SAN ANTONIO — The founder of the law firm leading Bexar County’s effort to secure a potentially billion-dollar settlement with opioid manufacturers was arrested Monday afternoon, court records show.
Martin Phipps, 51, was arrested on a misdemeanor charge of telephone harassment, online records revealed. A warrant states Phipps, the day after Christmas 2020, confronted a woman with whom he was romantically involved “and put her in such fear for her life” she fled the country to Mexico, leaving her personal belongings behind.
The warrant states that while the victim was en route to the airport, Phipps called and texted her multiple times telling her to return to his home and she replied she was going to Mexico and wouldn’t return because she was fearful. The warrant states Phipps texted the woman more than 40 times over two days “in a manner reasonably likely to demean, harass, alarm and torment the victim.”
According to the arrest affidavit, the victim filed to annul their marriage to avoid all contact with him “fearing violent retaliation as well as the threat of civil litigation for leaving the defendant."
Phipps’ arrest comes after Phipps’ law partner, attorney TJ Mayes, abruptly announced his resignation from the firm calling Phipps a “serial abuser of women,” writing in a Tweet shared last month he was convinced “without a shred of doubt Phipps is a crook.”
Phipps, who owns the Paramour bar, has donated to a number of political campaigns through the years.
A letter obtained by KENS 5 last month shows several members of the small law firm signed off on a letter calling into question working conditions, along with allegations of mismanagement and Phipps’ behavior. Sources estimated more than 5 people had left the firm over the last few months.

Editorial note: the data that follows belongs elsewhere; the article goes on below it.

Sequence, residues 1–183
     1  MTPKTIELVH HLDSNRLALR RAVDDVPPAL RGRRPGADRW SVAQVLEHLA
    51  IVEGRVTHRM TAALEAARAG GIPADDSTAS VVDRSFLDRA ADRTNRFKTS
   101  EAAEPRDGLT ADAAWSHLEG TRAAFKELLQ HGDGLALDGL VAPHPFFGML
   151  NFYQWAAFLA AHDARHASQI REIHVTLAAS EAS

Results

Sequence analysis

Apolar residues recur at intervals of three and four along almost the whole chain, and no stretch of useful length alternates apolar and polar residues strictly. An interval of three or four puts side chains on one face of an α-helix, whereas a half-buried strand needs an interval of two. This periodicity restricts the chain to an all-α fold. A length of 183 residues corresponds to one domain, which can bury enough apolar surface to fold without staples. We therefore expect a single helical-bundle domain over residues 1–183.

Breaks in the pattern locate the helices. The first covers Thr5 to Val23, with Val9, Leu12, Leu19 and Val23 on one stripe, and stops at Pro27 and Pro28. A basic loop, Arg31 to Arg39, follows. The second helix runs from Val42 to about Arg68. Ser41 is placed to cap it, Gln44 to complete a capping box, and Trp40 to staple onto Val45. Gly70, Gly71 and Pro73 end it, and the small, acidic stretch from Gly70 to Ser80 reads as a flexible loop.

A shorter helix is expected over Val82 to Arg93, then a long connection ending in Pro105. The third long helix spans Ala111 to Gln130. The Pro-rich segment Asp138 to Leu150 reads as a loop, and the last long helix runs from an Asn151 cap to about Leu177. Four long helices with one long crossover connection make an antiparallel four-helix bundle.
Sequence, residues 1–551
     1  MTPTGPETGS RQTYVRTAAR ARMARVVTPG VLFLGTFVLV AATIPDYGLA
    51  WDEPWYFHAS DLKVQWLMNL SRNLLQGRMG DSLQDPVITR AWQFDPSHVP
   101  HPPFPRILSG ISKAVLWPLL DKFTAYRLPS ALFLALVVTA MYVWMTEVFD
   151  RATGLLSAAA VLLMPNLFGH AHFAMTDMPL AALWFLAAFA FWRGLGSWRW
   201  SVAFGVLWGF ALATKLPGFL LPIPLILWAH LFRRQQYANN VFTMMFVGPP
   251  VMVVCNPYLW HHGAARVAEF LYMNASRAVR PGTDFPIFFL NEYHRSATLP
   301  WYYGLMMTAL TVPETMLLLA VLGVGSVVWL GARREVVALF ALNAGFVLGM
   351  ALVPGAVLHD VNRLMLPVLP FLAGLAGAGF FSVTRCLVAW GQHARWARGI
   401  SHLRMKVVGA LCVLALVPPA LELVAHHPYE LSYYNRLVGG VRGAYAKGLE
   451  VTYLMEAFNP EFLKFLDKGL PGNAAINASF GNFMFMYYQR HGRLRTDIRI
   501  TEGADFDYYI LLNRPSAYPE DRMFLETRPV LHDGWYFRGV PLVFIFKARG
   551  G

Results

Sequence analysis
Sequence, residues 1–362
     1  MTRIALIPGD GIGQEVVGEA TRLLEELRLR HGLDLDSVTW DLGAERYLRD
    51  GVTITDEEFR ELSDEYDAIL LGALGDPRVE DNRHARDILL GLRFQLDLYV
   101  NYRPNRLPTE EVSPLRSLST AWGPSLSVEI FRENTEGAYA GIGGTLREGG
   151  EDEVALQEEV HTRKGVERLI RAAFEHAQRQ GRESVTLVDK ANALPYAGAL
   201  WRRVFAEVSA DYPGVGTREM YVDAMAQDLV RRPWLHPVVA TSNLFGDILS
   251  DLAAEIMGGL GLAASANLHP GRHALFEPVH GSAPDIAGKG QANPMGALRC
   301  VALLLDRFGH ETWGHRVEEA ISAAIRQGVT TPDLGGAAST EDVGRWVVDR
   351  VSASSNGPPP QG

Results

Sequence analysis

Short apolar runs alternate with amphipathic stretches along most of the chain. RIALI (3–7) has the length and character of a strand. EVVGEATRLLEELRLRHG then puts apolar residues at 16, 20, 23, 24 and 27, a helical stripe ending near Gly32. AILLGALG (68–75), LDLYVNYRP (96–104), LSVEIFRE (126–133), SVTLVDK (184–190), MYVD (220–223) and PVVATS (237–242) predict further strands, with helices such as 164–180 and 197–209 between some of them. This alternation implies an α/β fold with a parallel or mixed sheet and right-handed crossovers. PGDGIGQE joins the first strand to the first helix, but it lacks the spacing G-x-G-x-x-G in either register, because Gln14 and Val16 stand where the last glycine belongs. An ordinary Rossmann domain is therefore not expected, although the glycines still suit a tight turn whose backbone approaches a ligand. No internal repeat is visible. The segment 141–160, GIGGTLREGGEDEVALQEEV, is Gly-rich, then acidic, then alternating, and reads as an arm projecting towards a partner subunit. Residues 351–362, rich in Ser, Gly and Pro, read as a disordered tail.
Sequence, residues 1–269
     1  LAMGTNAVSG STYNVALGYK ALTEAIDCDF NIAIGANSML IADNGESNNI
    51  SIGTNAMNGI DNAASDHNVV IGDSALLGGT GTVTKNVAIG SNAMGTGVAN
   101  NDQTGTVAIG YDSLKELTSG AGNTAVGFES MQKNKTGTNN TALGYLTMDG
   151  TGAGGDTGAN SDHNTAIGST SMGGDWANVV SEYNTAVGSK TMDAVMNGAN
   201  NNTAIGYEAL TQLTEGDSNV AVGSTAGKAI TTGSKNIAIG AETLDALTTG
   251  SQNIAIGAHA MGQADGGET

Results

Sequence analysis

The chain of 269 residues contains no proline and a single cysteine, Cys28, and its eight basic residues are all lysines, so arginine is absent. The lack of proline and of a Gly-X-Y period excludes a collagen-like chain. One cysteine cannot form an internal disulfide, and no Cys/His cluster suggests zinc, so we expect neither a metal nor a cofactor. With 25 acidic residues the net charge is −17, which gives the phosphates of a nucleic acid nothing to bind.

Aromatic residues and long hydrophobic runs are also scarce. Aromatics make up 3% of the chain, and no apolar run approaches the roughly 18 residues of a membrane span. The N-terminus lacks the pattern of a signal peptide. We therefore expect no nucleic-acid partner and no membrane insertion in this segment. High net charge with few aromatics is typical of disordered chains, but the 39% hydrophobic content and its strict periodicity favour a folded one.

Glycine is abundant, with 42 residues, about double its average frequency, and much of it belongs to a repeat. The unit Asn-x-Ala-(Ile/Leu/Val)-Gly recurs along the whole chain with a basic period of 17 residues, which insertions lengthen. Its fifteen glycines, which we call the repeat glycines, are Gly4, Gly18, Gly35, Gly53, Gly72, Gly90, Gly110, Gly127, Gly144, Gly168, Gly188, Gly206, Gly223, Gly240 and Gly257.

The Phipps firm, through attorney Gabe Ortiz, addressed Mayes' allegations in a statement, writing:
"The firm denies the unsubstantiated allegations. In fact, a majority of employees refused to sign the letter in question and continue to work at the firm on a daily basis, not fearful for their safety or of the work environment.
For over two years, this firm has dedicated millions of dollars and thousands of hours to do what is right by the citizens of Bexar County and hold the multi billion dollar pharmaceutical companies accountable for the damage and destruction they have caused. That commitment will never waiver. The individuals who departed had no litigation or trial experience and were not part of the trial team that has been assembled.
Unfortunately, social media gives anyone the platform to spew unfounded libelous accusations. The people they truly hurt, however, are the citizens of Bexar County.”
A spokesperson for Bexar County said Monday the County had no comment. Previously, in response to the letter authored by members of Phipps’ staff and emails obtained by KENS 5, a spokesperson for Bexar County said, "Bexar County is not a party to this matter. We have no comment.”
A request for confirmation sent to Ortiz of the Phipps Law Firm was not returned as of this publication.
During the daily COVID-19 briefing Monday night County Judge Nelson Wolff acknowledged Phipps’ arrest, saying he sent a letter Jan. 13 giving Watts Guerra LLP, the Phipps firm’s co-counsel on the opioid litigation, authority to act as he saw fit to protect the county’s legal rights and comply with any court orders.
Wolff said the chief of the civil section of the Bexar County District Attorney’s Office’s, Larry Roberson, is monitoring the situation and is expected to send a report to Commissioner’s Court and “will decide what should be done” as it relates to Phipps’ remaining on the case.